How It Works: Build Your Own Stratux ADS-B Receiver

DIY kit can be built for under $100.

The cost and hassle of complying with the FAA’s 2020 ADS-B Out mandate is vexing many aircraft owners, but quite a few of us are already enjoying the benefits of ADS-B In: real-time weather, Nexrad radar and traffic information, all for free. There are a number of feature-rich portable receivers on the market, like the Appareo Stratus, Garmin GDL 39 and Dual XGPS170. And for do-it-yourself types or die-hard cheapskates, now there’s an open-source homebuilt option for under $100: Stratux.

Stratux consists of a Linux-based microcomputer called Raspberry Pi and a software-defined radio (SDR) antenna. Its inventor, software engineer and pilot Christopher Young, originally posted instructions and code to aggregator website Reddit, and since then he’s simplified the process considerably. Today you can even purchase all the parts and preloaded software as a kit online at

I built my own Stratux last fall and have since used it with WingX Pro7 for over 50 hours of cross-country flight. I’ve had to tweak it a bit and still consider it an experimental system (note that it won’t work at all with Garmin or Jeppesen’s proprietary EFB programs), but overall it’s been a huge upgrade of capability for very little money.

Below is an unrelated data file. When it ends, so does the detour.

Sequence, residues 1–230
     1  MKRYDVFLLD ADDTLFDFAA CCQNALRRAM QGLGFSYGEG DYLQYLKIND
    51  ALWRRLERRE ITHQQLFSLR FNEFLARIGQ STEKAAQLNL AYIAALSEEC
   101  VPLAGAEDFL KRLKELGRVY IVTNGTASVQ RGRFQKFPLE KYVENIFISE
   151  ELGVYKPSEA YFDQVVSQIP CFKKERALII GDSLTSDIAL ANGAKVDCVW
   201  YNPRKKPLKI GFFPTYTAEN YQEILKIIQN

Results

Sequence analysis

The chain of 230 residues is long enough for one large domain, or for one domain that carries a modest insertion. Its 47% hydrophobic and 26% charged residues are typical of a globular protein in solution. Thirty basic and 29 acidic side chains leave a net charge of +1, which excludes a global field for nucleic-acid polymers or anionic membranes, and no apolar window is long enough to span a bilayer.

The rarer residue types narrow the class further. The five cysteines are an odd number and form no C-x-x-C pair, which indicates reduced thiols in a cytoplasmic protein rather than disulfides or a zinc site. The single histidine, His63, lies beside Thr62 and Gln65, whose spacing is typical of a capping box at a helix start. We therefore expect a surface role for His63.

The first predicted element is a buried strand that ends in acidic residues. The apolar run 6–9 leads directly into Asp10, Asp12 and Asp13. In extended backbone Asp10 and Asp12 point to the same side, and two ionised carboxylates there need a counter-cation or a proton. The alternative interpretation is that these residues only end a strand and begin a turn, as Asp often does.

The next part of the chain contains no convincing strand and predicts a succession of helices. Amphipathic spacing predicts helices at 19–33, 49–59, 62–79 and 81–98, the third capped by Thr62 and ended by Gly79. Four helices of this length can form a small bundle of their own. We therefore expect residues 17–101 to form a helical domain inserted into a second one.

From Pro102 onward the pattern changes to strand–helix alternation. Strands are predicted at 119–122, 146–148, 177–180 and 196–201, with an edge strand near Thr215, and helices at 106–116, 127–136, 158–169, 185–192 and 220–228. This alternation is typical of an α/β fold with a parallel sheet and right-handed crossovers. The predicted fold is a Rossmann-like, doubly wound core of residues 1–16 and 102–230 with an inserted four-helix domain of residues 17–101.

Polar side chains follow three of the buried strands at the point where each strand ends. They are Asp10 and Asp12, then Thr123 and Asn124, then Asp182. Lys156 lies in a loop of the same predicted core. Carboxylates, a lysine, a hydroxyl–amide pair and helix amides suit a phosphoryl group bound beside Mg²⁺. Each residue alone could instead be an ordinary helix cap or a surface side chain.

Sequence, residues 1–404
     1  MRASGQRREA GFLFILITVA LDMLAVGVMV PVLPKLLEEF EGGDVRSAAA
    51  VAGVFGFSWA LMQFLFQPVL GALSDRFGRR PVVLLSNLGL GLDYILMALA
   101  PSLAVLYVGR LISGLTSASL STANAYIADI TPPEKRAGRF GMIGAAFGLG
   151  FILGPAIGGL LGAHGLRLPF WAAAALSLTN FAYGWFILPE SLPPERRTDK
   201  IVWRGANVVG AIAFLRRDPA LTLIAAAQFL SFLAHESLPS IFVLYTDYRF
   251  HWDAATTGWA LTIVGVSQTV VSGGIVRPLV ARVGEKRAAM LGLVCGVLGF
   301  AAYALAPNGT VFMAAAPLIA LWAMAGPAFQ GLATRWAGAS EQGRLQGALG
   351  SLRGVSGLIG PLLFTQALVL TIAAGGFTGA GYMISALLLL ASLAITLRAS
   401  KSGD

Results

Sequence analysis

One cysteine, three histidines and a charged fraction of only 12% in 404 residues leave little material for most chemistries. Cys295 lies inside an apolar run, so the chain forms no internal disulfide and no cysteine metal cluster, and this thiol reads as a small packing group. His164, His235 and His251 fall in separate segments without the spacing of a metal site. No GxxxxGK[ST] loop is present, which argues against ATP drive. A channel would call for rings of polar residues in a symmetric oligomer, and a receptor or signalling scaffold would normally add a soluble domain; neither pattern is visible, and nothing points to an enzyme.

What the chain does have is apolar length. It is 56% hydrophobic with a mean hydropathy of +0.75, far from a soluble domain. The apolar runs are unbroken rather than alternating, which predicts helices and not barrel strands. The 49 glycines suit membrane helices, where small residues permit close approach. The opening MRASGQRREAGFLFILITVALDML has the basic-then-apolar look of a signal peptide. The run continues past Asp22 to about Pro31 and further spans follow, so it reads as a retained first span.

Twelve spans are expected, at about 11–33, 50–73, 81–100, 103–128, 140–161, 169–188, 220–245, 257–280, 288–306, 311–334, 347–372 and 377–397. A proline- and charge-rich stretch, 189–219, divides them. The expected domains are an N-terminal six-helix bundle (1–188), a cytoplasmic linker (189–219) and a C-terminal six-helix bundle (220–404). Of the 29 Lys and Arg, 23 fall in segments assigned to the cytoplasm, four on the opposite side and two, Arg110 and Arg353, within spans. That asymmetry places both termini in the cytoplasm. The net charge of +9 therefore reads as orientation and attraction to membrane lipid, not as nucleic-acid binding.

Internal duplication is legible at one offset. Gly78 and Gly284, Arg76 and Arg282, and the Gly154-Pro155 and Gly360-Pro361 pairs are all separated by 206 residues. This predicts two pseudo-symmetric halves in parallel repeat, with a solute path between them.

Do It Yourself:

Using the Vilros Raspberry Pi kit with the NooElec SDR, assembly is quite simple. Ensure you are properly grounded, stick the two silver heat sinks onto the processor chips and mount the motherboard in the clear snap-together case. Insert the blue NooElec dongle into one USB port and the small Edimax Wi-Fi antenna into another, and then plug the external antenna into the NooElec dongle.

If you purchased the kit with Stratux software preloaded, simply insert the included microSD card into its slot on the Raspberry Pi. Otherwise, download the software at and flash it onto the microSD card. The Raspberry Pi comes with an AC power adapter, but for airplane use you’ll need a 1-amp USB-to-micro-USB power cord. You can either pair this with a 12-volt adapter plugged into your airplane’s cigarette lighter or use a lithium-ion battery pack. Once plugged into an appropriate power source, the box will automatically boot up. Simply connect your tablet to the Stratux Wi-Fi network, start your EFB program, and you’ll receive updated weather, radar and traffic as soon as you’re within range of an ADS-B station (usually 500 to 3,000 feet agl).


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